Top positive review
A Darker Nippon
Reviewed in the United States on April 6, 2019
“Stormdancer” feels like a hybrid of Philip Reeve, Cherie Priest, and James Clavell’s “Shogun”, and in many ways it outpaces all of them. It takes the breathless scale and darkly meticulous landscapes of Steampunk, and an encyclopediac knowledge of Japanese history, and mashes them together into something new.
Kristoff spends the first couple of chapters taking the readers on a tour of this bizarre alternative feudal era Japan, called Shima, beautifully realized so you can easily visualize this ruined parallel world, He paints a shocking picture of mythical beasts co-existing with humans in a slowly collapsing environment.
The central character, Yukiko, is out for revenge against Lord Yoritomo, the sadistic warlord who controls all of Shima, responsible for the death of her mother and the imprisonment of her father. She’s aided by the mysterious outcaste Kin, and Buroo the arashitora (storm-tiger) a wonderfully snarky creature from the mists of legend.
There is also Hiro, the guardsman who loves Yukiko but is fiercely loyal to the Shogunate, and the Iron Samurai - part-mechanical warriors who are pretty much what you would expect to find in a Steampunk novel.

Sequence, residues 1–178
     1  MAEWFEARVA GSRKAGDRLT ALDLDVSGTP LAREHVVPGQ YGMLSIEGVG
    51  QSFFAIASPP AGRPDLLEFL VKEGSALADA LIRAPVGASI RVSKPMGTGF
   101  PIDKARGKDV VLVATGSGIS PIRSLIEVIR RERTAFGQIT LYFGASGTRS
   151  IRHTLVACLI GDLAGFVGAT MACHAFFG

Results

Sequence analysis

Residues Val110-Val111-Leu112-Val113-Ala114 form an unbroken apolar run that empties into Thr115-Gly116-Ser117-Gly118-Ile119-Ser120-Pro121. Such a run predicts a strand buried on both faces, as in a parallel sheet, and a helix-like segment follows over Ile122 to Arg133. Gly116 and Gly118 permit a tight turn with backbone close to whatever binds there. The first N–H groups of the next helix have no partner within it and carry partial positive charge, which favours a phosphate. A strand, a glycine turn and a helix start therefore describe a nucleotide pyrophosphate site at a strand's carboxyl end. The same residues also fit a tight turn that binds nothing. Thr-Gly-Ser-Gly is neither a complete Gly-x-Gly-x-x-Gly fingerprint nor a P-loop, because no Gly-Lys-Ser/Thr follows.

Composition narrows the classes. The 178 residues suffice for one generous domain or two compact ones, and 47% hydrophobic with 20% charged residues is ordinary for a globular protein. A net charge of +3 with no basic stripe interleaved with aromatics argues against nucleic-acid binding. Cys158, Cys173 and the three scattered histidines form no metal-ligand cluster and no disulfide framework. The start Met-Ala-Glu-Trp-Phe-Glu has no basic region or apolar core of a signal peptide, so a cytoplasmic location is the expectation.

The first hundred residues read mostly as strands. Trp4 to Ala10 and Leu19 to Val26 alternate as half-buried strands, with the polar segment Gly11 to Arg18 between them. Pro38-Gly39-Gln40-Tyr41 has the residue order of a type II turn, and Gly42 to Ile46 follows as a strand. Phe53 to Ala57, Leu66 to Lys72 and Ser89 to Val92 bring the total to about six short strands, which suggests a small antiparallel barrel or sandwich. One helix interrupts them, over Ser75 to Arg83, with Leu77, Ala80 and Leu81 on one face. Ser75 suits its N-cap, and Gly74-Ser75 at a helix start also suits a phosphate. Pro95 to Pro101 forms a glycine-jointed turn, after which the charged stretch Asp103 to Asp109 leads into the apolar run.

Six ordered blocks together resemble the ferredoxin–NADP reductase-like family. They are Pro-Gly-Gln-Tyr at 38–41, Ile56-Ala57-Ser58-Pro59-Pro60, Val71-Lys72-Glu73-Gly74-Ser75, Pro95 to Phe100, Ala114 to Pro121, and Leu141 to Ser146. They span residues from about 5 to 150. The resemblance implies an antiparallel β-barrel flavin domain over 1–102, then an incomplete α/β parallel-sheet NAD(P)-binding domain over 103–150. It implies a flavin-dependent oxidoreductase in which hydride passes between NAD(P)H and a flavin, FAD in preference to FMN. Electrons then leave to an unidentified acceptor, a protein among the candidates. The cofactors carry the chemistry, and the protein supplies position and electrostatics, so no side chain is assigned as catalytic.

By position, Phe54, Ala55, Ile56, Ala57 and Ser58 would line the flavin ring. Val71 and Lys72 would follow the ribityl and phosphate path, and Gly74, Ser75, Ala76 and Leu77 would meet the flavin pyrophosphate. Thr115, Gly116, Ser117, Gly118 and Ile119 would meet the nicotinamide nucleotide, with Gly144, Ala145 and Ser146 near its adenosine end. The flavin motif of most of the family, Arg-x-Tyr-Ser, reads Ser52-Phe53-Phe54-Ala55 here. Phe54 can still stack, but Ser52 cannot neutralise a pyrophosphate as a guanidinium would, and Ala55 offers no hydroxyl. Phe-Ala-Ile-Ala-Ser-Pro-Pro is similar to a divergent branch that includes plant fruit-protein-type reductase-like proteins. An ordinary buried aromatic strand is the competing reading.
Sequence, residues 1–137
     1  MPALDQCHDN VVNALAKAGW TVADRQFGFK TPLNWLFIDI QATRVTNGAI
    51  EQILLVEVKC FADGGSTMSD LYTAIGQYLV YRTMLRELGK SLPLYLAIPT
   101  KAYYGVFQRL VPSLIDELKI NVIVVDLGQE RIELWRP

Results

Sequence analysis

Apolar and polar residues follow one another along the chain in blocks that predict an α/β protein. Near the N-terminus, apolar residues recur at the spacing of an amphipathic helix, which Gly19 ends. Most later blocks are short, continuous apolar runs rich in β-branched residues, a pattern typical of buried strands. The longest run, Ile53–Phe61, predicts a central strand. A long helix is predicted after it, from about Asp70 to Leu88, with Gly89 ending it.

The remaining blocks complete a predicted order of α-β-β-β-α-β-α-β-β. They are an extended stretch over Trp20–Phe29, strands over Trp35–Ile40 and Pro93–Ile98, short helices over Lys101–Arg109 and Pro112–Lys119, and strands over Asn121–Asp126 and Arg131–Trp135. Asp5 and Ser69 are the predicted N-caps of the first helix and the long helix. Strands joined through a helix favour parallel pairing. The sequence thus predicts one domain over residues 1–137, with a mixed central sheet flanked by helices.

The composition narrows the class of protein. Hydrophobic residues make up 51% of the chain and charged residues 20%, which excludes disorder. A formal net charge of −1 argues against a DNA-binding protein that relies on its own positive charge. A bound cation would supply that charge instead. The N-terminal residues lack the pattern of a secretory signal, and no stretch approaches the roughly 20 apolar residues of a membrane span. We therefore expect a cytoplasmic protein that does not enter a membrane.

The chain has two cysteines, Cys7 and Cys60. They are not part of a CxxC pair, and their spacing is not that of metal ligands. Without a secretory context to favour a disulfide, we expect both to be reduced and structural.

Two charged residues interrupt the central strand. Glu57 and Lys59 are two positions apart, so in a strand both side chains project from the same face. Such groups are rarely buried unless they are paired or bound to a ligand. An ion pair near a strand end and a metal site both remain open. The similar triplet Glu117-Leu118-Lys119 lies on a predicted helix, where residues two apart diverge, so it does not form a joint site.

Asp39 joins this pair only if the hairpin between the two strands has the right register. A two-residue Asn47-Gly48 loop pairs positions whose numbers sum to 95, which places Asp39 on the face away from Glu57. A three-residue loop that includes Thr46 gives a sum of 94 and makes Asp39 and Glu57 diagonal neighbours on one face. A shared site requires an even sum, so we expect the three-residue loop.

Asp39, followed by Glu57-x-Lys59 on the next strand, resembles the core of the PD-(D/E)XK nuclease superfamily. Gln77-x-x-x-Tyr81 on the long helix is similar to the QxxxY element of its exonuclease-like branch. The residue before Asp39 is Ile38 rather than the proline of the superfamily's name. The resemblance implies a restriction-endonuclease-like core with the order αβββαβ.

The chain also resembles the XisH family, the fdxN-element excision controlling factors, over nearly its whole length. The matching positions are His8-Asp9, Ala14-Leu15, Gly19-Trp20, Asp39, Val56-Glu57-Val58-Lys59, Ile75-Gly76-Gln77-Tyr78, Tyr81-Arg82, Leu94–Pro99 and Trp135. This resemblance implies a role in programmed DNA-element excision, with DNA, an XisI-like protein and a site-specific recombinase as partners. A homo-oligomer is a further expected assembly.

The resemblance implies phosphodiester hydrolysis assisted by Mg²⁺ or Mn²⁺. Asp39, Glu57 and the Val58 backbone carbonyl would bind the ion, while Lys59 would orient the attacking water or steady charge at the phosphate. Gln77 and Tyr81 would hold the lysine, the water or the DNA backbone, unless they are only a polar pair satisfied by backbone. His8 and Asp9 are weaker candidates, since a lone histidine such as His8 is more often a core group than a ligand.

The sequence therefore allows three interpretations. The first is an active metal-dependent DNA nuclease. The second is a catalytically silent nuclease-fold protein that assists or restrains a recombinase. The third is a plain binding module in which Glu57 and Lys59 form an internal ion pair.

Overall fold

Both main and secondary characters reveal new shades every time we meet them. Despite this, the real star of the book is the Lotus Smoke of the trilogy’s title, that looms over the book as a fuel source, a narcotic, the source of Yorimoto’s power, and the cause of Shima’s environmental degradation. The smoke is genuinely disturbing in its ubiquitous influence, and leads to some creepy imagery throughout the book.
Sometimes, there is a piece of writing in a genre book that makes me admire it because it stands out among the rest. It happened with Mark Hodder’s “The Strange Affair of Spring Heeled Jack”, where we saw Jack’s descent into madness as he tried to set right what he thought had gone wrong. In this book, it happens in the climactic battle between Yukiko’s allies and Yoritomo’s forces in Chapter 34, which made me feel like I was watching a movie.
“Stormdancer” is written with passion and a huge amount of attention to detail. The writing is lean, doesn’t waste a sentence, and I’m looking forward to Book 2.